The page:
Sexual Health

STIs: ideas about risk and decisions to test

Sexually transmitted infections (STIs) include chlamydia, genital warts, syphilis, herpes and HIV. If caught early most are easily treatable with antibiotics, but if left untreated they can have serious consequences including infertility (not being able to have children) and ectopic pregnancy.

Many people we spoke to avoid catching STIs by using condoms, or did not have unprotected sex till both partners had been tested for STIs. The only way to keep safe is to use a condom, particularly if having sex with casual partners.

But young people are often surprised to find out that vaginal sexual intercourse is NOT the only way people can be infected with chlamydia. The National Chlamydia Screening Programme in its website said that people: “can get chlamydia by having unprotected vaginal, anal or oral sex with someone who is already infected. It can also be passed on by sharing sex toys which haven’t been washed or covered with a condom before each use. It can also be passed by a pregnant woman to her baby during pregnancy or at the birth.”

The National Chlamydia Screening Programme recommends that:
if you have oral sex, cover the penis with a condom or the female genitals with a latex or polyurethane (plastic) square (dam).

There are a number of reasons why people we interviewed decide to be tested for STIs. Sometimes they are prompted by symptoms, like pain or bleeding during or after sex, chronic stomach pain, lower abdominal pain, an unusual discharge, itching around the genital area, pain when passing water, heavy periods or bleeding between periods. A sixteen year old girl we talked to had pain when passing water and a blister appeared on the lip part of the vagina.

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Some go for a test even though they don't have any symptoms or, when invited to take part in the National Chlamydia Screening Programme, some worry they may have contracted an infection because they have not always used condoms. Other times a friend being diagnosed with an STI, or learning about the consequences, can prompt a person to get a check-up. Or they might find out that one of their partners ex's had an STI and have an anxious time waiting for the result.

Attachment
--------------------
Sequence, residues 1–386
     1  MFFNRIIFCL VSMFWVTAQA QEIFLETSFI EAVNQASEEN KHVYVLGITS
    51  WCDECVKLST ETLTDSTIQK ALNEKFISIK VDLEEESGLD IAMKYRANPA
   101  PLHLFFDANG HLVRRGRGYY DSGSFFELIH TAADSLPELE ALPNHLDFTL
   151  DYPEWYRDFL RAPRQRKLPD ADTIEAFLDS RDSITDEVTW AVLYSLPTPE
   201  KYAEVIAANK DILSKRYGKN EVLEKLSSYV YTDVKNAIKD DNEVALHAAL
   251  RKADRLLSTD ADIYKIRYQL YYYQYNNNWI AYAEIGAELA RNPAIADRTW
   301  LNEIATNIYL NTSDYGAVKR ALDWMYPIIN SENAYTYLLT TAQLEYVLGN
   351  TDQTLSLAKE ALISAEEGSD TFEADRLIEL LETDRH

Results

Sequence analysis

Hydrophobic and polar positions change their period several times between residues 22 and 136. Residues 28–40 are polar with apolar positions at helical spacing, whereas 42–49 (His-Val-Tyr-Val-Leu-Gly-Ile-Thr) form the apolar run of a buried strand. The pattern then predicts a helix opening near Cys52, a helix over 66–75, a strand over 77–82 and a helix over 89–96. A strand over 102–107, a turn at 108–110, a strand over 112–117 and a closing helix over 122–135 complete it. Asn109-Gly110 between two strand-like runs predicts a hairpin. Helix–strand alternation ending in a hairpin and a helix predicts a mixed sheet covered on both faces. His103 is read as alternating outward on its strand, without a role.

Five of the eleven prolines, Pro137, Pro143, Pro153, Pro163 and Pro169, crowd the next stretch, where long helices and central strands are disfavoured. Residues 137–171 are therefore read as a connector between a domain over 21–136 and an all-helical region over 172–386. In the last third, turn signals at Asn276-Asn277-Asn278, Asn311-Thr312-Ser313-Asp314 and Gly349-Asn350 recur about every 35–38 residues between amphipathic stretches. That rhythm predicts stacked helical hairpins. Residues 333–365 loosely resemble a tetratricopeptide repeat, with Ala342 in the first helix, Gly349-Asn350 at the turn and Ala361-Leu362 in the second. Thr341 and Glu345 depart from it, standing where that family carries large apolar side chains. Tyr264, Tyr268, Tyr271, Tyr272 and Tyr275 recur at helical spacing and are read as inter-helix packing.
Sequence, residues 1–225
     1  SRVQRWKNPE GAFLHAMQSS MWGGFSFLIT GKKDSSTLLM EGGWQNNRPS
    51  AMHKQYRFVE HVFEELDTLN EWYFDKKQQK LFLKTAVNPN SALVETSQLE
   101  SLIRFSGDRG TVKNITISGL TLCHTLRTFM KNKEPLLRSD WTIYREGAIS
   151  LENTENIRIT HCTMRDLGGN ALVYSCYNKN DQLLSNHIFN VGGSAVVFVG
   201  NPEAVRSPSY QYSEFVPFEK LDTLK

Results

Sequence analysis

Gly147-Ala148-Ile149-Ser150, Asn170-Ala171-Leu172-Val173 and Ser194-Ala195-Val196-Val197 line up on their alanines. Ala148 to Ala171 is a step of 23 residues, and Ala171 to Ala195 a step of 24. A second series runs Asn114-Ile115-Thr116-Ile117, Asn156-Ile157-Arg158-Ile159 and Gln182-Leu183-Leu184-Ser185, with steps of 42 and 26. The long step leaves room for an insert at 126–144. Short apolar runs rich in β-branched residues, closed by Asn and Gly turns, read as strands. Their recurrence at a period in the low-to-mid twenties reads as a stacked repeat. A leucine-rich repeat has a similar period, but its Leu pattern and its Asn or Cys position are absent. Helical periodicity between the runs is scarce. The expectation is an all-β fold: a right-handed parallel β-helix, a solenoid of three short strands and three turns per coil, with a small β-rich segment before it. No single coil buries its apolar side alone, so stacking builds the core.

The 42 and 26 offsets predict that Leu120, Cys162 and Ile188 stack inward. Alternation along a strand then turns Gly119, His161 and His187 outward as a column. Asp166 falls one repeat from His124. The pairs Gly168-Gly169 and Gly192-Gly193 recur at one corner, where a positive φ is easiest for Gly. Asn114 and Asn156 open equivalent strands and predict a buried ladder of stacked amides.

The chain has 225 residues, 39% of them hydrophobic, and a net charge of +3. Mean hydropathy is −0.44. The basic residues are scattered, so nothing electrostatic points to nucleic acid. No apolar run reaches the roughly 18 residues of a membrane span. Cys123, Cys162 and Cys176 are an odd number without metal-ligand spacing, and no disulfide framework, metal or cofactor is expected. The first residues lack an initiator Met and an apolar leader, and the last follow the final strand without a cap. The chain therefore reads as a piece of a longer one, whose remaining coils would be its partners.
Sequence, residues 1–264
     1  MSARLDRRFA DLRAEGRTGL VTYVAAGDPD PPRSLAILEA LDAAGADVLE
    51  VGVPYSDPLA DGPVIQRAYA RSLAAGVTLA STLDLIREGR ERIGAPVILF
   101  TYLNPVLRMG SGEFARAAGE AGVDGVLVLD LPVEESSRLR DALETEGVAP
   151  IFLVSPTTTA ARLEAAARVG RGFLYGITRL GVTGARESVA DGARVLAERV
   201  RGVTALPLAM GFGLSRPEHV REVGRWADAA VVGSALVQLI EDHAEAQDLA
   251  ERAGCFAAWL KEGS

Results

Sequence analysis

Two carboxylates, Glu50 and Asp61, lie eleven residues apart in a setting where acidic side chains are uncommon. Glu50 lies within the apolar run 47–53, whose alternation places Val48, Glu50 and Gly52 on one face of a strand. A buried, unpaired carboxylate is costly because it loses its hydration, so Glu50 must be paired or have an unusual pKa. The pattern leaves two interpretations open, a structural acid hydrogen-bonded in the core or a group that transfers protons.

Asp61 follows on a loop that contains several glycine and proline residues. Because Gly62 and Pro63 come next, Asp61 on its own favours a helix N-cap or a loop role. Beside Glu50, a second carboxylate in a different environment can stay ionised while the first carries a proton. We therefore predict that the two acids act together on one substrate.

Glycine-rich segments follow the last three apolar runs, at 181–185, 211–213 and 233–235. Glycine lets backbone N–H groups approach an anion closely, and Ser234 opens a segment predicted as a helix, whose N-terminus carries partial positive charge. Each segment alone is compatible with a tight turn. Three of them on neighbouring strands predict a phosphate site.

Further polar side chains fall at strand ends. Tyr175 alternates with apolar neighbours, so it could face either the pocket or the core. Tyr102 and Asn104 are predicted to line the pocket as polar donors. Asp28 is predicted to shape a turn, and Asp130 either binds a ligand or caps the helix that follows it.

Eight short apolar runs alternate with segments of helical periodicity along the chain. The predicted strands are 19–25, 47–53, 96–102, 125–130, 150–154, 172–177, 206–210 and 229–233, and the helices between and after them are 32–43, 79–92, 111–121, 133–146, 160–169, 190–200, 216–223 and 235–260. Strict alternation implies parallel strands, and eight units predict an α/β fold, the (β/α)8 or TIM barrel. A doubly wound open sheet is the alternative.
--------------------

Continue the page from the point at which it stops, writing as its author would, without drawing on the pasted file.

To suspect you have an STI can be overwhelming for teenagers and often those we talked to did not talk about it with their parents. This often meant dealing with clinic visits, tests and results on their own. But young people, particularly young women may decide to go as a group to a clinic and get tested. Katie, Alice and a couple of other friends from university decided to get tested for STI’s and went to the GUM clinic together. They felt reassured by the mutual support and companionship and it made the experience easier to deal with.

In general, media campaigns about STIs were seen as a positive thing: it helped young people to be aware of the health risks involved in sexual activity and to talk among friends about it. Some of the young people we talked to attribute their decision to have a STI test to media awareness and peer group discussion.

Students we spoke to said they were ‘clued up’ when it came to STI testing and that this has resulted from public health campaigns and media programmes and knowing where to go to get tested. 

Sometimes though media campaigns were seen as adding to the stigma of having an STI. One young woman suggested that scary media campaigns were responsible for some of the misinformation about STIs.

Last reviewed January 2016.

Last updated August 2012.


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